Travail Pursuit #22: Anything but Quiet

 

In my experience the Giuoco Piano is anything but quiet. In fact I'd say it was more like a megaphone than a piano! This image is used under Creative Commons terms and was sourced from LaStonata's Flickr photostream

In my experience the Giuoco Piano is anything but quiet. In fact I’d say it was more like a megaphone than a piano! This image is used under Creative Commons terms and was sourced from LaStonata’s Flickr photostream

Today’s game is a really old one. We’re going back 18 years to the 15th of July 1996 and a game against a good friend and early training partner of mine. When you’re learning the game of chess it can be really helpful to have another student at the same stage of development as you learning alongside you. It means you’ll always have a sparring partner and you can share and bounce ideas off one another. When I learnt to play chess (relatively late in life at 17) I was very fortunate to be taught by a family friend who was as enthusiastic as he was skilled. I was also lucky to fall in love with the game at the same time as several school friends and in our rivalry we drove each other on to study and improve. In fact during the course of our final summer vacation four of us held a double-rounded all play all which really sharpened our competitive instincts.

When you are learning in this kind of environment there are two objectives the attainment of which provide enormous satisfaction. The first is to beat your coach and the second, rather easier in the early stages of your development, is to beat your training partner. It was several years before I beat my coach but I did have a series of entertaining training games with my good friend Simon Nicholson. Today’s game was one of the later encounters in the course of a long and turbulent rivalry at the board. Suffice to say that I’m not going to be publishing any of my defeats to Simon (!), but there are a couple of wins that still make me smile to recollect. This one makes me particularly happy because I’m still very satisfied with the quality of my play in this game.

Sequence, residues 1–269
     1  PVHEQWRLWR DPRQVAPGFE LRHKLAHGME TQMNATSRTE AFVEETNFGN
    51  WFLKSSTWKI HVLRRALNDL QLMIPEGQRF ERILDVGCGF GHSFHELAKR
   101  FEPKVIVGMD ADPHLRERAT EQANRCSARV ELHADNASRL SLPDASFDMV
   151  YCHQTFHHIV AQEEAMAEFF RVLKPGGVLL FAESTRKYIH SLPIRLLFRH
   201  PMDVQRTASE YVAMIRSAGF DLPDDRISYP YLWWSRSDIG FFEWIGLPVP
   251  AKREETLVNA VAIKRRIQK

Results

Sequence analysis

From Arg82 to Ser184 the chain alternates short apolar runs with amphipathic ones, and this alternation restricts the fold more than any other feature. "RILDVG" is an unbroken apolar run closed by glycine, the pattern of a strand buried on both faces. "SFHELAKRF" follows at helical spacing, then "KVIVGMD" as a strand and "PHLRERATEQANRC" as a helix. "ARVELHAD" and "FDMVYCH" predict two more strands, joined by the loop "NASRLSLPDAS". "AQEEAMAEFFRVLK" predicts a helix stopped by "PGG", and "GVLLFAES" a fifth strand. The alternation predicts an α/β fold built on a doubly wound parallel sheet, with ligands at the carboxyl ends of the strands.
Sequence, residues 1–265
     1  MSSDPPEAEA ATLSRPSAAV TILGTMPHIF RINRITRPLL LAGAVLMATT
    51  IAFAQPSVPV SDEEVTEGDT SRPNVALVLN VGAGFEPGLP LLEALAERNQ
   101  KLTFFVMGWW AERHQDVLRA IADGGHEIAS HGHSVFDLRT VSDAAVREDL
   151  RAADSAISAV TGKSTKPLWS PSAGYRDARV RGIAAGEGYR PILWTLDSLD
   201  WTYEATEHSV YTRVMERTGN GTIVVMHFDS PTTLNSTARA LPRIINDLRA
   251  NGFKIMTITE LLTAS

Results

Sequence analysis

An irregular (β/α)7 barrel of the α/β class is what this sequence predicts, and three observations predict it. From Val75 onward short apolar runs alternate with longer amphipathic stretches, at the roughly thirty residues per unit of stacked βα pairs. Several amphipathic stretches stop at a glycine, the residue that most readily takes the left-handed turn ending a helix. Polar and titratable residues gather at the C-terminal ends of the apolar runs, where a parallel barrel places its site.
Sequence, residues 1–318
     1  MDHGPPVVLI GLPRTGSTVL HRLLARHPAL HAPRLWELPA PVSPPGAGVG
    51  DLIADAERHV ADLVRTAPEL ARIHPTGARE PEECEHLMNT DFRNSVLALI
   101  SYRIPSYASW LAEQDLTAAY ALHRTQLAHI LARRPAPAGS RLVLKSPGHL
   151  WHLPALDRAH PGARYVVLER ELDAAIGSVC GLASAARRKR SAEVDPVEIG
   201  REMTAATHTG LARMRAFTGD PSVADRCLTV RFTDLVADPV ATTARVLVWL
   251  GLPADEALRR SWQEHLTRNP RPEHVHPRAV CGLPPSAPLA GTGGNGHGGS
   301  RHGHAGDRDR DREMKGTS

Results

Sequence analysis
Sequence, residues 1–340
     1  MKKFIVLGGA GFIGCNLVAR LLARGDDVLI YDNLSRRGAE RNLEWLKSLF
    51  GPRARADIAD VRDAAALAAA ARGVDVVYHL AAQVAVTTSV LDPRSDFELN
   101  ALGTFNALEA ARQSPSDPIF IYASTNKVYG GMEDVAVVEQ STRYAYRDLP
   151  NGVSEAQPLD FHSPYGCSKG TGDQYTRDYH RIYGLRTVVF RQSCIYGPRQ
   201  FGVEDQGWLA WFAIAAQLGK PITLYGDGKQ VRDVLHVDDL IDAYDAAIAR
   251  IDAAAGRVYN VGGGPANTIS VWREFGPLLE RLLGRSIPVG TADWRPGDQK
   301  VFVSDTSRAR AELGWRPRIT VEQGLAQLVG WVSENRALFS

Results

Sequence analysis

The platform for the game was a Giuoco Piano (which is Italian for ‘Quiet Game’). This is certainly not a trendy line at any level of the game at the moment but it’s historically very rich and very, very sharp. Anything but “Quiet” in fact. Simon had introduced the opening into his repertoire with White a little while before this game and had studied the opening carefully. He’d chosen to look into the Rossolimo Variation which begins with 7.Bd2. I’d also cooked the books but had elected to play the most critical line 7.Nc3 and later 9.d5, the Moller Attack.

White to move. What's the best plan? How can White exploit the awkward placement of Black's king

White to move. What’s the best plan? How can White exploit the awkward placement of Black’s king

When we sat down to play this game I was immediately surprised to find Simon (a die-hard Scandinavian player) essay 1…e5 and immediately realised that he’d prepared for a theoretical discussion in the Giuoco Piano. The game developed very sharply and Simon indeed proved that he had prepared extensively for this game. Unfortunately he hadn’t prepared quite as extensively as I had!

Here’s (on the right) a position from a critical juncture for you to have a crack at. It’s White to play his twenty first move. The position looks appetising for him. The Black king has been forced to d8 resulting in it being very tricky for him to complete his development and connect his rooks. The passed White e-pawn is a huge thorn in Black’s flesh however… Black is a pawn up and his defences look very difficult to breach. The knight is a very effective blockader and stands guard over several key entry squares. Moreover, White must be quick because if Black is given time to play c6-Kc7 then he will be able to consolidate, complete his development and potentially, go on the counter attack. What is White’s plan and how should he proceed?

The solution is in the game viewer below but be warned, I haven’t set this game into training mode so as you play through the moves you will see the solution before you arrive at the position above.

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  1. Daily Chess News Links July 20, 2014 | blog.chesscafe.com - July 20, 2014

    […] Travail Pursuit #22: Anything but Quiet Yorkshire Chess Today’s game is a really old one. We’re going back 18 years to the 15th of July 1996 and a game against a good friend and early training partner of mine. … […]

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